Truth and knowledge

To the editor:

I think many of us would agree with Mr. Pai’s well-written and insightful Oct. 1 letter that “We continue to repeat history.” Socrates’ philosophy, that the wisest man is he who humbly understands that he doesn’t know everything, should be the inspiration for becoming perceptive, analytical thinkers. But the challenge we face today is that anyone can call themselves “experts” in service to egotistical agendas and self-serving motives. “Knowledge” then becomes a weapon, not a tool for enlightenment.

No longer can we assume that if people had more information, it would serve to expand and better inform their opinions and attitudes. Now, we have profit-driven individuals like the owners of Fox News, Facebook’s Mark Zuckerberg or InfoWar’s Alex Jones, all of whom are being charged with misinformation/defamation. But millions believe unverifiable and selective facts to arrive at incorrect conclusions.

History repeats itself when those with extensive scholarly knowledge are negated and silenced. Hitler’s method of control was to first send educated scholars and skilled professionals to the concentration camps; thus ridding himself of any criticism. He then took control of all information coming from the media, surrounded himself with people who feared him and played to popular prejudices by scapegoating the Jews as the cause of all of Germany’s problems.

Many of us have pointed out that Trump uses similar methods to amplify his power. He disparages the expertise of educated and experienced professionals, proclaiming instead on Feb. 23, 2016, “I love the poorly educated.” Trump labels mainstream media as the “enemy of the people” and dismisses any documented criticism as “fake news.” Like Hitler, he uses his own media feed to unconditionally support him no matter what he does. Trump’s politicians cower because he promises to get revenge against anyone who disagrees with him. As in Germany, Trump appeals to latent racism and blames Black people and immigrants for ruining America.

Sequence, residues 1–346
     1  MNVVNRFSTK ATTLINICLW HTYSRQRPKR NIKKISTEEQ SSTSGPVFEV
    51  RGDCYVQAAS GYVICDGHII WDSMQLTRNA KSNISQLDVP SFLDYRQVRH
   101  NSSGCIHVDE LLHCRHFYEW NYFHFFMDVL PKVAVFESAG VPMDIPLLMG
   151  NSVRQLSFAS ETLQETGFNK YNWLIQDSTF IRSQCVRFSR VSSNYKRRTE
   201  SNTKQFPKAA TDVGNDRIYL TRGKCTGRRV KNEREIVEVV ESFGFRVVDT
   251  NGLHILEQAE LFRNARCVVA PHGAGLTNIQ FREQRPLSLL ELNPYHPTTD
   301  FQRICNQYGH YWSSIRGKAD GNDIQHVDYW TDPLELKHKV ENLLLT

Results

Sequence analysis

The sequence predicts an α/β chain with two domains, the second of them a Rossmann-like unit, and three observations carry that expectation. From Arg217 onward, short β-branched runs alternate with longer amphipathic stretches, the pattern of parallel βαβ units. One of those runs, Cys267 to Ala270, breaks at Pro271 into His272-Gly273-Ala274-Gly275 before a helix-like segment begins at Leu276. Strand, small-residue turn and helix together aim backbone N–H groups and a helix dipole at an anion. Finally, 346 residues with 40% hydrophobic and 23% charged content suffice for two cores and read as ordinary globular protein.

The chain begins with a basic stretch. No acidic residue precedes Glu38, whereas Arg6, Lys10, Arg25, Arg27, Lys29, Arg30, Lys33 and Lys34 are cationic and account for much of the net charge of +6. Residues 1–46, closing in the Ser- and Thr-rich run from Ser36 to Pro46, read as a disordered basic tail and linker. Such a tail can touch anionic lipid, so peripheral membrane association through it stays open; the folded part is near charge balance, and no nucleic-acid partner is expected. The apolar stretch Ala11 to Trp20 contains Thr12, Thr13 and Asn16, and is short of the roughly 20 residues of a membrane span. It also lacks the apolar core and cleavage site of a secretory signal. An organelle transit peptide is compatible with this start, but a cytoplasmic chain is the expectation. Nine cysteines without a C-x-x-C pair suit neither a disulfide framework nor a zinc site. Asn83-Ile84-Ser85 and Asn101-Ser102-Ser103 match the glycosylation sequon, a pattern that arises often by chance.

And why, we ask, won’t Trump’s followers acknowledge the parallels of a maniacal power grab being repeated in history? Not because they don’t know what happened in Germany. Not because they don’t know that their relatives fought and died to prevent a narcissistic, cold-hearted man from ever rising to power again. But because they don’t want to. Denial releases them from introspection and any responsibility they have for enabling events to repeat themselves.

Scripted ignorance, deep-seated attitudes and denial don’t respond kindly to unwanted information. Given that Socrates, himself, was sentenced to death by those who feared his ideas were “corrupting” youth is all the more reason to stand up for the principles of absolute truth and knowledge in the face of this present assault on an enlightened democracy.

Martha Hodges



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